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First ‘climate-smart’ food in US is now shipping from Wisconsin

US Agriculture Secretary Tom Vilsack visited Wisconsin to celebrate first consumer product from federal Climate-Smart Commodities program

New "climate-friendly" rice moves through processing equipment.
New “climate-friendly” rice moves through processing equipment at Great River Milling in Fountain City, Wis. on March 26, 2024. It’s the first consumer product created through USDA’s Partnerships for Climate-Smart Commodities program. Hope Kirwan/WPR

The first “climate-smart” food produced under a federal sustainability program is now shipping to consumers from western Wisconsin.

Long grain white rice and brown rice from Great River Milling in Fountain City are the first consumer products created under the U.S. Department of Agriculture’s Partnerships for Climate-Smart Commodities program. 

The $3 billion grant program was launched in 2022 to support farmers and agribusinesses in finding ways to invest in more sustainable agricultural practices. The program has supported 27 potential projects in Wisconsin, involving 43 different commodities in the state.

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U.S. Secretary of Agriculture Tom Vilsack visited the milling facility in Buffalo County on Tuesday to celebrate the first products heading to market, on what he referred to as a “historic day.”

“It’s an opportunity for us to create a different narrative about American agriculture,” Vilsack said during his remarks. “You get a benefit environmentally, you get a benefit economically and you also get the opportunity to create an image of American agriculture that is innovative and committed to sustainability.”

U.S. Agriculture Secretary Tom Vilsack.
U.S. Agriculture Secretary Tom Vilsack holds a bag of Great River Milling’s “climate-friendly” rice while speaking at the processing plant in Fountain City, Wis. on Tuesday, March 26, 2024. Hope Kirwan/WPR

The “climate-friendly” rice has so far been produced by a farm in southern Arkansas through a growing technique that uses about half of the water that’s normally needed.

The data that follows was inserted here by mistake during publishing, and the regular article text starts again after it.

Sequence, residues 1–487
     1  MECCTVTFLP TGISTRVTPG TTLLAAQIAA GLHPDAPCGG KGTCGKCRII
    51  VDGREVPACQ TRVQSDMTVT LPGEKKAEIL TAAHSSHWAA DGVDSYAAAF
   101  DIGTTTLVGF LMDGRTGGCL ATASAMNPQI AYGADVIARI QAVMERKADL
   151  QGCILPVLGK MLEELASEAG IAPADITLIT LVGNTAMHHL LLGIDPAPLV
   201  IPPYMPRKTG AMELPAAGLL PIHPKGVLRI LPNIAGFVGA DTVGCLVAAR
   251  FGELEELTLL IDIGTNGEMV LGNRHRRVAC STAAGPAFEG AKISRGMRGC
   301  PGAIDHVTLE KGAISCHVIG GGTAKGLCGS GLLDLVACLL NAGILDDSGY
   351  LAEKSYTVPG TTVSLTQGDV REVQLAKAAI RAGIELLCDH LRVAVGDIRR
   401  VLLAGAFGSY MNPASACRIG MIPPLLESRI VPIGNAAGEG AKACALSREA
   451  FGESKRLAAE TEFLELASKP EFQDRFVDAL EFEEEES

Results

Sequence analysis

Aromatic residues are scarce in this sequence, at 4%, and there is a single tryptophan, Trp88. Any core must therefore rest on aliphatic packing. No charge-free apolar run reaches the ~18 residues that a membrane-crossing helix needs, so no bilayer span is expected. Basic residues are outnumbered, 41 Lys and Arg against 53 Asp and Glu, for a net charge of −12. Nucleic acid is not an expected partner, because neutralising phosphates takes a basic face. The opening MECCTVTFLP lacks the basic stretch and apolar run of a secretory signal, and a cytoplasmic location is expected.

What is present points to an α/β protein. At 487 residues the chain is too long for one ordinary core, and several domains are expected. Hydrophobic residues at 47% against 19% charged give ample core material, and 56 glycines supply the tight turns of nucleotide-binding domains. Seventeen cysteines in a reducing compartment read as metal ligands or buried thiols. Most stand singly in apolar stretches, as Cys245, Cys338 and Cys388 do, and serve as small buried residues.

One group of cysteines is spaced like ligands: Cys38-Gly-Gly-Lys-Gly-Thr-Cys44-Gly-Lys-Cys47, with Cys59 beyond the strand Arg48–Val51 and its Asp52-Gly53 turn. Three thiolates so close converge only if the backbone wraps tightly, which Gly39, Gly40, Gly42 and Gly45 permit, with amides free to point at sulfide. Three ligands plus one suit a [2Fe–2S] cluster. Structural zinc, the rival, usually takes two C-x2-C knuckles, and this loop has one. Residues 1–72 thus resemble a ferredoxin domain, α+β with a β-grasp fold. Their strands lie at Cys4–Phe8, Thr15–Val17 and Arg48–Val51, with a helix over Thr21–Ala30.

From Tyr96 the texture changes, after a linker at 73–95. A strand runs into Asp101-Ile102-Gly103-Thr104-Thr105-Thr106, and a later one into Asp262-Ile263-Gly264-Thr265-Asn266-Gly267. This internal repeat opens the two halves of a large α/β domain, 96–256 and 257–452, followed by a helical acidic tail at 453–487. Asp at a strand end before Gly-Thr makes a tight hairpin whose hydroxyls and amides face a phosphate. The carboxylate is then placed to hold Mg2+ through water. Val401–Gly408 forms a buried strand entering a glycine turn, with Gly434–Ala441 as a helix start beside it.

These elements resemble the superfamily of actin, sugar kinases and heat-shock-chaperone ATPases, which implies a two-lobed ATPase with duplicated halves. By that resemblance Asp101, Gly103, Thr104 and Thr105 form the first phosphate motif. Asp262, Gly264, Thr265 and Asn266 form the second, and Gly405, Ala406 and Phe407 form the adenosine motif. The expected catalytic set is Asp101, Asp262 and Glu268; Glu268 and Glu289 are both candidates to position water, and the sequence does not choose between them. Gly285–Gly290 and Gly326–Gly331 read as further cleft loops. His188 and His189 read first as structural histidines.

Farm owner Jim Whitaker said during the secretary’s visit that the method has also halved the amount of methane produced on his farm.

These impacts are verified by AgriCapture, a company that certifies climate-friendly farm practices and that received $7.5 million through the Climate-Smart Commodities program to develop the rice products.

Great River Milling general manager Rick Halverson said his company is already hearing from Wisconsin farmers who are interested in trying to replicate the approach.

“We’re not growing rice in Wisconsin, but to grow other crops, like beans, pulses, lentils,” Halverson said, adding that farmers may be more willing to try something new after seeing the success of the new “climate-friendly” product.

Wisconsin Agriculture Secretary Randy Romanski attended the event on Tuesday. He said the Climate-Smart program adds value to food products, helping farmers and ag businesses receive a higher profit.

“(It) also provides a value-add for the customer who cares about where their products are produced,” Romanski said. “Fortunately, in Wisconsin, a lot of products are produced not too far away from us … So the fact that the rice is coming here from another state, but being packaged here and shipped from here, is also exciting.”

Vilsack assures farmers, consumers about minimal impact of avian flu in dairy cows

Vilsack’s visit to America’s Dairyland came a day after the USDA and other federal agencies confirmed dairy cows on two farms in Kansas and two farms in Texas tested positive for the highly pathogenic avian influenza. 

In a press release, the agency said the virus appears to have been introduced by wild birds and has primarily affected older dairy cows, causing decreased lactation, low appetite and other symptoms. Additional testing was done last week from other potentially-affected farms.

Vilsack assured consumers the U.S. milk supply is safe and there is no risk of a milk shortage. All U.S. dairy farms are required to only send milk from healthy animals to processing for human consumption.

The secretary said affected dairy farmers have seen their cows fully recover from the virus after about a week.

“It emphasizes the importance of biosecurity,” Vilsack said. “Doing what you can to maintain and make sure that your dairy herds are not sharing water supplies with waterfowl, for example, or things of that nature so that we can reduce the risk.”

The first detection of avian flu in U.S. livestock was confirmed last week by Minnesota officials, who found the virus in a baby goat that lived on a farm where an outbreak had occurred in poultry. 

The USDA’s press release said the National Veterinary Services Laboratories has not found changes in the virus that would make it more easily passed to humans, indicating that the current risk to the public remains low. Avian flu does not normally infect people, but rare cases of human infection have occurred. The first case confirmed in a person in the U.S. was in 2022, according to the Centers for Disease Control and Prevention.

Romanski said the virus is something the state’s dairy industry should be aware of. He said the state Department of Agriculture, Trade and Consumer Protection is already working with federal officials and other states to learn about potential impacts.

“We’re sharing information, we’re communicating clearly what’s going on,” Romanski said. “It keeps us all vigilant. It makes sure that we’re passing information along to people.”

After two years of avian flu cases on poultry farms and in wild birds, Romanski said the state needs to be prepared for the possibility that the virus could return in migrating birds this year.